Miami-Dade's New Transit Director Is a Cyclist Who'd Rather Not Drive

Eulois Cleckley, newly arrived director of Miami-Dade's Department of Transportation and Public Works
Eulois Cleckley, newly arrived director of Miami-Dade's Department of Transportation and Public Works Photo courtesy of Miami-Dade County Department of Transportation and Public Works
Eulois Cleckley isn't one of those Spandex-clad cyclists who logs 100 miles each weekend. He's the commuter kind, one of those environmentally conscious folks who push a different kind of pedal to go places.

Earlier this summer, Cleckley moved to town to lead Miami-Dade County's Department of Transportation and Public Works (DTPW) as its new director, replacing Alice Bravo, who resigned in late 2020. (Cleckley's first day was August 2; an offer letter lists his annual salary at $270,000.) He tells New Times that he's anxiously awaiting the arrival of his bike, which was packed and shipped during his move from Denver. In the meantime, he's been getting around via Metromover, Metrorail, and bus.

"When you're in my position, you have an obligation to travel on the service that you're overseeing and see how well it's operating," Cleckley says. "Once I get the bike here, I definitely plan on using it. I used it in Denver and it was a great way to get around."

In that respect, it's clear that Cleckley isn't from around here.

Roughly 2.7 million people live in Miami-Dade, yet the county reports a weekday average of only 150,000 boardings on its transit system. Though South Florida is recognized for its year-round warm weather and level terrain, the League of American Bicyclists estimated in 2016 that less than one percent of commuters use a bicycle in Miami.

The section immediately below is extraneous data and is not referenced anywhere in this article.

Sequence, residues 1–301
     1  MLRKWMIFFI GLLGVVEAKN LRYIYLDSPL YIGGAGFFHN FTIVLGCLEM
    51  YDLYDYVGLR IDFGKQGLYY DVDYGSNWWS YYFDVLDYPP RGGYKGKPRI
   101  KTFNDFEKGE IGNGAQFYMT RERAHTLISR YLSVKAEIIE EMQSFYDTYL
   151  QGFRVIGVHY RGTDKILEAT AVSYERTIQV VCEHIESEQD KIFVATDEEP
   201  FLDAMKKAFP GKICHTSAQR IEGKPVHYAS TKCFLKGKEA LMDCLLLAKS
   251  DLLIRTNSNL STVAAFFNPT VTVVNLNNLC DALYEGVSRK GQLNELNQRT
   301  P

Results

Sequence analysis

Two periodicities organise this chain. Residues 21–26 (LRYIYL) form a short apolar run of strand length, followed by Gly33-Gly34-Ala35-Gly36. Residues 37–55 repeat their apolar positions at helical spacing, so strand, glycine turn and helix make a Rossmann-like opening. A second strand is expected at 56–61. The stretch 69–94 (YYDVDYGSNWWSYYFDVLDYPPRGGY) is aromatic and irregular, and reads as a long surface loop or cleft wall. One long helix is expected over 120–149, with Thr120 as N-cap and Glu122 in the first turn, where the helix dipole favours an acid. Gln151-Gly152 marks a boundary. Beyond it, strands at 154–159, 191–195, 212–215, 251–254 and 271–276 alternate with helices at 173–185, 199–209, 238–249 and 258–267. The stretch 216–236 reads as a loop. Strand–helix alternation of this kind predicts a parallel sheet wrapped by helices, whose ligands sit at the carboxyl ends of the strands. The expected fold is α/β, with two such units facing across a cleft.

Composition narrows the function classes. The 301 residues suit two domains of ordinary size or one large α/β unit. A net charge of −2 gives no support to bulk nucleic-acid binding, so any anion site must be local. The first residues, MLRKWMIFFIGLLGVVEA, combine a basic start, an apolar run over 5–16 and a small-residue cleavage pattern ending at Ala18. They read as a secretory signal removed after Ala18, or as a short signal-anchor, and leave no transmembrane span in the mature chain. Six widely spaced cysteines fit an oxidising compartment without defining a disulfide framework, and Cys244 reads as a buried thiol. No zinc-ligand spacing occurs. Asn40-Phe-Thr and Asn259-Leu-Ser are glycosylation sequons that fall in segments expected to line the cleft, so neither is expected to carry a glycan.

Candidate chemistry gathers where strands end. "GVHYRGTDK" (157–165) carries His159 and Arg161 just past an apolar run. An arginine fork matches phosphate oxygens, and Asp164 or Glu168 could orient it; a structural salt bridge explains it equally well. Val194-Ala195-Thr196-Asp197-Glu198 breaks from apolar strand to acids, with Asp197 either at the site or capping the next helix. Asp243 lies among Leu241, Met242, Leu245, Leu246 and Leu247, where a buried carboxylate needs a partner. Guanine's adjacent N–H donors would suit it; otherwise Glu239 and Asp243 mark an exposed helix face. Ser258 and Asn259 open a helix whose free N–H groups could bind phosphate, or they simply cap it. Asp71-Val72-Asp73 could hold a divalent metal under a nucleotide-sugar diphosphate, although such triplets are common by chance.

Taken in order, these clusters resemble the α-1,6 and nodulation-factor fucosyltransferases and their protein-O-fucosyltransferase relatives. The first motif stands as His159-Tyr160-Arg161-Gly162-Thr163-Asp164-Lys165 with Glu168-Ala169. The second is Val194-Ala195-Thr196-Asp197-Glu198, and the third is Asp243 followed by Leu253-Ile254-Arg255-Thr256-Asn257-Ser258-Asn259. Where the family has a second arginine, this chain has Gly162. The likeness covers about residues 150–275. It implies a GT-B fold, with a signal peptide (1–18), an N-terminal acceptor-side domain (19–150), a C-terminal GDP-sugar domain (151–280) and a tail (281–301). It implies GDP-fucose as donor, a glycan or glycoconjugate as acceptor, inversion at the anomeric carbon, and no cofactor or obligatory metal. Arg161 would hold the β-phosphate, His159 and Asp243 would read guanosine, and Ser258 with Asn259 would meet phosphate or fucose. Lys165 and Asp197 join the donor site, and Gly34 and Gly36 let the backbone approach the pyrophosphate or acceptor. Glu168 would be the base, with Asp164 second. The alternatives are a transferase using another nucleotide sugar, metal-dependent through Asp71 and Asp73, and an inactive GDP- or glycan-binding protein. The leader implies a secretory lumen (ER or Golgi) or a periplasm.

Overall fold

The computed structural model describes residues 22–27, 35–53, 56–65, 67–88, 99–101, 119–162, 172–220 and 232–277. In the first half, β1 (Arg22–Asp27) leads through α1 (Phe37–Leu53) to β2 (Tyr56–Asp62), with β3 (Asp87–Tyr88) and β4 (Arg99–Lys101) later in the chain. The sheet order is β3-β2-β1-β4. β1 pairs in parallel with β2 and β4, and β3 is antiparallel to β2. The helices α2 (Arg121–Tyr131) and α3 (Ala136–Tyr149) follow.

"I've lived in quite a few cities and have always sought ways to get around so I'm not relying on a vehicle," Cleckley says. "Here, I'm doing the same thing — I take the Metromover to get to work."

Cleckley has worked in transportation in Houston, Washington, D.C., and, most recently, Denver, where he raised eyebrows when he arrived by opting to live car-free, relying on his bike and public transportation to get around. 

Cleckley led Denver's Department of Public Works until he became the city's first director of the Transportation and Infrastructure Department in 2020. The department was created after Denver voters approved an initiative to transform Public Works — a department that also manages sewage, trash, and recycling — and create a stand-alone department focused solely on transportation. The goal was to work with the Denver Regional Transportation District, which oversees bus and rail service, to quickly improve mobility for Denverites. Under Cleckley, the department improved city bus stops, added bus-only lanes, and mapped out 125 miles of new bike lanes to be implemented by 2023.

Cleckley tells New Times the "aspiration goal" is to make Miami a car-optional city. He plans to streamline the Department of Transportation and Public Works as he did in Denver, updating bus stops and rail stations and adding more bus-only lanes that can be upgraded to light rail.